Opportunity and change in occupational assortative mating. By: Schwartz, Christine R.; Wang, Yu; Mare, Robert D. Social Science Research. Sep2021, Vol. 99, pN.PAG-N.PAG. 1p.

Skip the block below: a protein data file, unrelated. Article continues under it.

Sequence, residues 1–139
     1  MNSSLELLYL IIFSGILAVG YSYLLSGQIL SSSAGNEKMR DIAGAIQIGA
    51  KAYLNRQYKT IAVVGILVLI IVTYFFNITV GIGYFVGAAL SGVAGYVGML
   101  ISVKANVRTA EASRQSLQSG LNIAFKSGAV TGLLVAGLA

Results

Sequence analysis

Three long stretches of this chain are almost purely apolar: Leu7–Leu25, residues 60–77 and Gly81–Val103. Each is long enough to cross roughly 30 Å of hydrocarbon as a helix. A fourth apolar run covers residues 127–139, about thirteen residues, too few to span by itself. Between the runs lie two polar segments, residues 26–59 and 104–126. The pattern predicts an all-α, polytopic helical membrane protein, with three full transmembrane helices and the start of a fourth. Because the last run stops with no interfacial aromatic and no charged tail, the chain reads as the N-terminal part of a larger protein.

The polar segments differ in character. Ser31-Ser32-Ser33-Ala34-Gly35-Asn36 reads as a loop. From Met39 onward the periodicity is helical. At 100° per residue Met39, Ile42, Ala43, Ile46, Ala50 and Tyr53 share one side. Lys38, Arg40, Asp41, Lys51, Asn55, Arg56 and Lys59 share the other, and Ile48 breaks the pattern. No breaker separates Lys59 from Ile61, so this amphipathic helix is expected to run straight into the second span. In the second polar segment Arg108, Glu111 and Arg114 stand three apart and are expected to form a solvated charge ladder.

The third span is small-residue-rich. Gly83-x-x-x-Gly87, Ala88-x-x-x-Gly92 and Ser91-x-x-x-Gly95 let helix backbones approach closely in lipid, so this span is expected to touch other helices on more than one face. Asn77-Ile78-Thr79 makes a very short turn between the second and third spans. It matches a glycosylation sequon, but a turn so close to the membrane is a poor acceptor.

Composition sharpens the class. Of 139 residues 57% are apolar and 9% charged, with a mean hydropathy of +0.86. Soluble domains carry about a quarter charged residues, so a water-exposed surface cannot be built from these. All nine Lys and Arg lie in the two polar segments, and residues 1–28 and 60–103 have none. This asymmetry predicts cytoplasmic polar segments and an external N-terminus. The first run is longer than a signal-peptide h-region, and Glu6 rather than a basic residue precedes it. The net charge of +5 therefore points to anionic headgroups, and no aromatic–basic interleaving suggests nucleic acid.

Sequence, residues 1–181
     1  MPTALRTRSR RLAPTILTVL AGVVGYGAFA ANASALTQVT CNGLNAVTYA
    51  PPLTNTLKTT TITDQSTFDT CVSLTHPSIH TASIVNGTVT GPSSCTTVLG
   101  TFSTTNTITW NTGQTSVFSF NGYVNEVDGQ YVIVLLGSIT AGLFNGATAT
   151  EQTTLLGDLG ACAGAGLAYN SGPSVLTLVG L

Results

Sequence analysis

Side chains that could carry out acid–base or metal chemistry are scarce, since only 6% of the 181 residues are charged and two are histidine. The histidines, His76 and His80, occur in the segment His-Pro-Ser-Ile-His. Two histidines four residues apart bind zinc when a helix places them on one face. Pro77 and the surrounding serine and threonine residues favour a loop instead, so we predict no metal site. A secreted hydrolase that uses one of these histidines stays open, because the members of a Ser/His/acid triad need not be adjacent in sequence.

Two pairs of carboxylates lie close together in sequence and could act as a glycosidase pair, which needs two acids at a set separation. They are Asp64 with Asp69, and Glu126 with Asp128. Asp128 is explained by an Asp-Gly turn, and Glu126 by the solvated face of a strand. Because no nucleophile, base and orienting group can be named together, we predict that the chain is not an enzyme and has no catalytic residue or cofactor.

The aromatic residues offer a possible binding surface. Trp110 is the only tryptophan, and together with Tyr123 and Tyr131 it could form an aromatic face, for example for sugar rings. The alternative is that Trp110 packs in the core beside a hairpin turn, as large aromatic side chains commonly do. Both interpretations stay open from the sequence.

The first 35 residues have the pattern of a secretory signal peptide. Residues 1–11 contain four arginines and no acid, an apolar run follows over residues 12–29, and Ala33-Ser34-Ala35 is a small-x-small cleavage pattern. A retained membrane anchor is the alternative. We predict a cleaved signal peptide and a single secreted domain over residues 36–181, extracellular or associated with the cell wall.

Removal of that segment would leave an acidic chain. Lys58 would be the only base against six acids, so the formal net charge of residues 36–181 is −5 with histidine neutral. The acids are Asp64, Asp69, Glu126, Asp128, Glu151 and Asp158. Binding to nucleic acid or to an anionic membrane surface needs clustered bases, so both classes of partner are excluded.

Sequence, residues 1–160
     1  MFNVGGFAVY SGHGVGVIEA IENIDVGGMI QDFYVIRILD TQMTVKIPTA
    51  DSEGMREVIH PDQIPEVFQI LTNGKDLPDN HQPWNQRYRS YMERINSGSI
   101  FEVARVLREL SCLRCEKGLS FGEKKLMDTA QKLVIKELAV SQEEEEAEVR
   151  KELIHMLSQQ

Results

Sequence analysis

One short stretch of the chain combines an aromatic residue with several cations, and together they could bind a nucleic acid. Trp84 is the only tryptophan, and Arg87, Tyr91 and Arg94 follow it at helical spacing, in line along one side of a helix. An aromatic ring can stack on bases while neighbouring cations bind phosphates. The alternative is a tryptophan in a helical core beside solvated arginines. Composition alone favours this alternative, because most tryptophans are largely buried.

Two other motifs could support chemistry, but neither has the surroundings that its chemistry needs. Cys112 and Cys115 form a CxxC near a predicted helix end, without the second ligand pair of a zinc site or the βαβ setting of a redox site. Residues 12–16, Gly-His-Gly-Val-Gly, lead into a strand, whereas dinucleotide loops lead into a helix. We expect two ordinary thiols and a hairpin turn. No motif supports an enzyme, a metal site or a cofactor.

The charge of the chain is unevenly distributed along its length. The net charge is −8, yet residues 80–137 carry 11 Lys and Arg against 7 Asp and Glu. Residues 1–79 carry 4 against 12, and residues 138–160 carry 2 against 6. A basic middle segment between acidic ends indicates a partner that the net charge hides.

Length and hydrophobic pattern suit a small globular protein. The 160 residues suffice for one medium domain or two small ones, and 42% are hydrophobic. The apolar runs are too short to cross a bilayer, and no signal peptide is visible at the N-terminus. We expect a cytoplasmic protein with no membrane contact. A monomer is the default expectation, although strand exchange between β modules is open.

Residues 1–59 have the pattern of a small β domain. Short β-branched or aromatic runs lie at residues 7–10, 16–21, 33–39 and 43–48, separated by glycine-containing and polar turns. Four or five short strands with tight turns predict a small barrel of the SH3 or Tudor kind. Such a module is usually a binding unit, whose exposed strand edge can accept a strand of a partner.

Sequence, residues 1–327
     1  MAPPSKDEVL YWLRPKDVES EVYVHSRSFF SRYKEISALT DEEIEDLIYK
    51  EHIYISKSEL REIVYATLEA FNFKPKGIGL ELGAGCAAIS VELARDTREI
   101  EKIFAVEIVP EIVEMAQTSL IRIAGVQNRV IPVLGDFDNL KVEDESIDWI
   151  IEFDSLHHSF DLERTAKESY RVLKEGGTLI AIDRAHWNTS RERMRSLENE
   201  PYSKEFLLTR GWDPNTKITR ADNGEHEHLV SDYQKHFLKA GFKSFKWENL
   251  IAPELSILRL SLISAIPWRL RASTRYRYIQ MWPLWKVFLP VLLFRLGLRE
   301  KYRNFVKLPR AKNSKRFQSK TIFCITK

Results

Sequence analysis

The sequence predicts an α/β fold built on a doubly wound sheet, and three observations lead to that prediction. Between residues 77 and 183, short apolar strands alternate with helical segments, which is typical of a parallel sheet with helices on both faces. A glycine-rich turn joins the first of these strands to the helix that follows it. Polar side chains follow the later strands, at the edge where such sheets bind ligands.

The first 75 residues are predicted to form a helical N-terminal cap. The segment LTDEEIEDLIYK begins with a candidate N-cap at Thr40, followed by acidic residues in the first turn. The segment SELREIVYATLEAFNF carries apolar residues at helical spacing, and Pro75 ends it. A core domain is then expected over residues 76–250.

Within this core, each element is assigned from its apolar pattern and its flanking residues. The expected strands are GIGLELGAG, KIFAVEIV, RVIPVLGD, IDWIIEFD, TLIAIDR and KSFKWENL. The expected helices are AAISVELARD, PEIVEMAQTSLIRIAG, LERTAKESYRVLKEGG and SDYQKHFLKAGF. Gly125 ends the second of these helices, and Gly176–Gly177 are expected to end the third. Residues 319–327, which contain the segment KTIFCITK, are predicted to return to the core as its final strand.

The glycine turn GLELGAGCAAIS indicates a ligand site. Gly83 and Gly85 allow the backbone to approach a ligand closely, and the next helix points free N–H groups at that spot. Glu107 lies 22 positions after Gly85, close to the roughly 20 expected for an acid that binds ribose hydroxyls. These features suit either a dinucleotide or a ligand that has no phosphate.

This article documents how opportunity and change in the U.S. occupational structure shaped patterns of occupational assortative mating between 1970 and 2015–2017. Trends in occupational assortative mating have often been cited as potentially contributing to the rise in economic inequality—the idea that doctors increasingly marry doctors instead of nurses—thereby exacerbating the concentration of resources among advantaged households. Previous estimates of trends in occupational assortative mating are now decades old and their impact on household inequality has not been quantified. Our results show large-scale change. The prevalence of dual-professional couples nearly tripled between 1970 and 2015–2017. Changes were especially large among particular occupational combinations. For instance, male doctors have become increasingly likely to be married to female doctors, and male lawyers to female lawyers. Almost all of the changes in occupational assortative mating patterns, however, are accounted for by changes in the distributions of spouses’ occupations, for example, the rise of women in professional occupations. Because of this, the contribution of occupational assortative mating to the rise in economic inequality has been small. In the absence of any association between spouses’ occupations, observed increases in household earnings inequality would have been reduced by 5%. Although this is a small portion of overall changes in inequality, it is much larger than prior estimates of the effects of educational assortative mating on inequality, which recent studies have estimated to be essentially zero.